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Science Summer Program Exposes Kids to the Gross, Mushy and Slimy

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Published on Aug 20, 2019

The GSK Science in the Summer program has a simple mission: “When summer is out, science is in.” Every year, the program partners with community organizations to provide access to science education during the summer. In a classroom in Marshall, Texas, the students are dissecting sheep hearts and learning about basic human anatomy.

“If you feel the urge to say ‘ew,’ ‘gross,’ correct yourself and say, ‘oh, interesting.’”

That’s Heather Kleiner, the Sponsored Programs Manager at Sci-Port Discovery Center, who is leading the class.

“The nation needs more scientists at every level. But diverse scientists, women, minorities, people of different abilities,” she says. “The goal here is increased appreciation for science, education and science careers.”

The program, which hosts learning opportunities across the country, partnered with the local Boys and Girls club in Marshall.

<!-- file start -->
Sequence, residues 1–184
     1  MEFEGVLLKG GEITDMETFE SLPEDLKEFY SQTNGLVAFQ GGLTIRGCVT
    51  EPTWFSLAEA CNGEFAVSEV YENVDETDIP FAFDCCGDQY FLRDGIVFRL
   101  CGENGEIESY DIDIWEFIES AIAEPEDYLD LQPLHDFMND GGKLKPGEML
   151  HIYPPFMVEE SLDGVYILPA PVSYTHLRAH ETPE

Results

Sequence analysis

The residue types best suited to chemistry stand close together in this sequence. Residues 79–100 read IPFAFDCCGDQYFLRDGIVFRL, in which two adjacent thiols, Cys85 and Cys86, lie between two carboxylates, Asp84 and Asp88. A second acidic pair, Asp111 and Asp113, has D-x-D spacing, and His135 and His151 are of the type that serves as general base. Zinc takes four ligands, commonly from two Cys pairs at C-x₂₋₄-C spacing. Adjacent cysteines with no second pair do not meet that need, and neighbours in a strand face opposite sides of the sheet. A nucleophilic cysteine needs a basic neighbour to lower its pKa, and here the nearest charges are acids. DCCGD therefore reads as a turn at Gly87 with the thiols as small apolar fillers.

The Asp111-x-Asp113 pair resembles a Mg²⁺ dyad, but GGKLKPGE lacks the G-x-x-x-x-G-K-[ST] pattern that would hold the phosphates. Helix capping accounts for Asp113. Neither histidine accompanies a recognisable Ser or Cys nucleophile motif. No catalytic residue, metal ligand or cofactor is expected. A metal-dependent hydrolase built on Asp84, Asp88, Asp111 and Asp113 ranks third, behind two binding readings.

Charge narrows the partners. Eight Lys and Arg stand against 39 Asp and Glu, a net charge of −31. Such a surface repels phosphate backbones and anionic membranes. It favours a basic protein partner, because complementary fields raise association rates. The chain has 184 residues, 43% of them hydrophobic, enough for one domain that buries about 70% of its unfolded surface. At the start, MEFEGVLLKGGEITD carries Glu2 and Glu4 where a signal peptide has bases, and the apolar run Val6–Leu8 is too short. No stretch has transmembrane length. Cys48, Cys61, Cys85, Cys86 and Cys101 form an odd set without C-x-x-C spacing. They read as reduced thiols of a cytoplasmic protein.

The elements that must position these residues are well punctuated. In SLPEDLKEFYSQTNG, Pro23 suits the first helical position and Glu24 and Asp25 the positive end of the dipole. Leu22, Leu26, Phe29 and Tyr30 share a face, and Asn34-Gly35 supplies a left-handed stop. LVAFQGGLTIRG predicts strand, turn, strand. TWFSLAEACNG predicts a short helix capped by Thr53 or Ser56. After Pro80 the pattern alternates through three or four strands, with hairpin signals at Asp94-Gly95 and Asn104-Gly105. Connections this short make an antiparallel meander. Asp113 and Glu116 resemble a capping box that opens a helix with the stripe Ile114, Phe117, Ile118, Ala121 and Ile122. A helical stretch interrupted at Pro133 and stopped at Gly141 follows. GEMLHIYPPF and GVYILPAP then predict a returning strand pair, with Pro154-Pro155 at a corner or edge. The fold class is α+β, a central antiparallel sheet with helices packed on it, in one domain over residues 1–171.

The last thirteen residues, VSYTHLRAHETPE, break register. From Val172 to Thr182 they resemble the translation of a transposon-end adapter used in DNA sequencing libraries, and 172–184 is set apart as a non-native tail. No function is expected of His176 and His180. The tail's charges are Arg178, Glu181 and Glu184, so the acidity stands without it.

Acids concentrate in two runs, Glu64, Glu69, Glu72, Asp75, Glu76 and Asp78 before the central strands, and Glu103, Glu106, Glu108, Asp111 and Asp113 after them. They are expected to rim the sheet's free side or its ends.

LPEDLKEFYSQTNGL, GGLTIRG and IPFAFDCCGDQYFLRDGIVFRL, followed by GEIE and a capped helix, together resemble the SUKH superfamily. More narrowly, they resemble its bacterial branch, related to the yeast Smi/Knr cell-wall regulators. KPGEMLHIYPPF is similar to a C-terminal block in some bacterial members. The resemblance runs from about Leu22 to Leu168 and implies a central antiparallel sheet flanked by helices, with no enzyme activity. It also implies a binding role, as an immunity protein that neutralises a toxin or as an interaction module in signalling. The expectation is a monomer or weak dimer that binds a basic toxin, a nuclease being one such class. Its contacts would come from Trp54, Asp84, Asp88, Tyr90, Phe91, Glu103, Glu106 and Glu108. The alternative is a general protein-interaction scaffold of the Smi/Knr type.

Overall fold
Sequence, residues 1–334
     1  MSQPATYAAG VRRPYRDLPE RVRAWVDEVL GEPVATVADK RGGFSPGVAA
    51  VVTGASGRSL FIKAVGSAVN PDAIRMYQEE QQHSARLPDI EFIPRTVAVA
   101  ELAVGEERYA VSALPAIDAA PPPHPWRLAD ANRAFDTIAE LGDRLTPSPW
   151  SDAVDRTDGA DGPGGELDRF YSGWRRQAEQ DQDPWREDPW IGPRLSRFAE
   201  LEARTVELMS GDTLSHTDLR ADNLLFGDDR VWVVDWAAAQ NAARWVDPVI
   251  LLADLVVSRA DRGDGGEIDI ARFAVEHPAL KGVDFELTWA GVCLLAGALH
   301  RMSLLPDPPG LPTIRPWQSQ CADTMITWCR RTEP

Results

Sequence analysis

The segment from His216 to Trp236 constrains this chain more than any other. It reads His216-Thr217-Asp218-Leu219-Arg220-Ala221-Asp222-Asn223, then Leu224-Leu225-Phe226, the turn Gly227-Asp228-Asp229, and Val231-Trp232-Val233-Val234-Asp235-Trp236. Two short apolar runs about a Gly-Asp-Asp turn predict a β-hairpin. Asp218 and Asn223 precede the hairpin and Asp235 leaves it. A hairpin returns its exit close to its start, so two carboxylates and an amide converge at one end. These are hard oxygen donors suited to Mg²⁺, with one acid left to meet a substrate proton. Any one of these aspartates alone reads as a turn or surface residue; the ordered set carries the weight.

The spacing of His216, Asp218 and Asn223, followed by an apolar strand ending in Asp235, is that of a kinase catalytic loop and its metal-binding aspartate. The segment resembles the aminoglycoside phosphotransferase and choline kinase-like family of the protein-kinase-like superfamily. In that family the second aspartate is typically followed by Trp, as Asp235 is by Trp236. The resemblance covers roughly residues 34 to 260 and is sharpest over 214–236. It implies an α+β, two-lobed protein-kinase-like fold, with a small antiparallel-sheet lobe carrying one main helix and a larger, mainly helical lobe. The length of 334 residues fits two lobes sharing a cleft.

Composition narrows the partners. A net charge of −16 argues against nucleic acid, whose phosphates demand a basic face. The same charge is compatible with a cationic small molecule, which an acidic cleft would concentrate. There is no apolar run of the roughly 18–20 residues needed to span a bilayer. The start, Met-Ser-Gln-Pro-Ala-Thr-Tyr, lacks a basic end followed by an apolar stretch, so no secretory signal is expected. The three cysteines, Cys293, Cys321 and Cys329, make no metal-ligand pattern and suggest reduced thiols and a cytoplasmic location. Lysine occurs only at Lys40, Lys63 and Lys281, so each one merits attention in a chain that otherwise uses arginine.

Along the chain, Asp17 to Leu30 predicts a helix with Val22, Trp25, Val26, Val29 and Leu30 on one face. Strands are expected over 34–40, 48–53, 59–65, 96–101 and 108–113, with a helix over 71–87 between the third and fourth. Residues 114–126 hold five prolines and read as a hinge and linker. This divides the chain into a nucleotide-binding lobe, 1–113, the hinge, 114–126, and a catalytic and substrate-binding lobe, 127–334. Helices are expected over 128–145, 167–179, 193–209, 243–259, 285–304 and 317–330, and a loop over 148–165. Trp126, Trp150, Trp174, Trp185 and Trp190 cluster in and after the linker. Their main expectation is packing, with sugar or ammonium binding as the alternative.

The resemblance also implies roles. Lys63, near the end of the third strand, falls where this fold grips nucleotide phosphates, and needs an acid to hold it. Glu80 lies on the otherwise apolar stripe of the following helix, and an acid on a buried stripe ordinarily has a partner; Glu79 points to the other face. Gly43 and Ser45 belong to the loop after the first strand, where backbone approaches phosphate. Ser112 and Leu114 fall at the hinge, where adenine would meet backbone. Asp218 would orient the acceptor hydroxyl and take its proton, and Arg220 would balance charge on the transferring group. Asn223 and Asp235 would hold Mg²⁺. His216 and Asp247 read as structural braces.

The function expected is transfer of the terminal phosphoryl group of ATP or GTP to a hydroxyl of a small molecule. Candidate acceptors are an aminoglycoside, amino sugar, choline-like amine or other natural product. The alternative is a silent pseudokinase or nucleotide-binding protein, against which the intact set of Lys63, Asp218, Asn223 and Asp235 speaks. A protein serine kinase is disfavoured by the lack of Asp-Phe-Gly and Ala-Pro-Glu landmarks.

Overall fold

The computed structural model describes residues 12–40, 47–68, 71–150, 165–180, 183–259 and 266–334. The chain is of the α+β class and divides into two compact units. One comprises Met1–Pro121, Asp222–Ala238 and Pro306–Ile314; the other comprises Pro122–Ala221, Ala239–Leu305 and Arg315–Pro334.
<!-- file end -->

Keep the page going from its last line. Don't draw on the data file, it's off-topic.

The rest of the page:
“One of the biggest barriers we know for people’s success in life is education, transportation and after-school care,” explains Chad Patterson, CEO Boys and Girls Club of The Big Pines. “We provide that safe nurturing place.”The GSK Science in the Summer program has a simple mission: “When summer is out, science is in.” Every year, the program partners with community organizations to provide access to science education during the summer. In a classroom in Marshall, Texas, the students are dissecting sheep hearts and learning about basic human anatomy.

“If you feel the urge to say ‘Ew!’ ‘Gross!’ correct yourself and say, ‘Oh, interesting.’”

That’s Heather Kleiner, the sponsored programs manager at Sci-Port Discovery Center, who is leading the class.

“The nation needs more scientists at every level. But diverse scientists, women, minorities, people of different abilities,” she says. “The goal here is increased appreciation for science, education, and science careers.”

The program, which hosts learning opportunities across the country, partnered with the local Boys and Girls Club in Marshall.

“One of the biggest barriers we know for people’s success in life is education, transportation and after-school care,” explains Chad Patterson, CEO Boys and Girls Club of The Big Pines. “We provide that safe nurturing place.”


Coverage of after-school learning opportunities is supported in part by a grant from the Charles Stewart Mott Foundation, at www.mott.org. Education Week retains sole editorial control over the content of this coverage.

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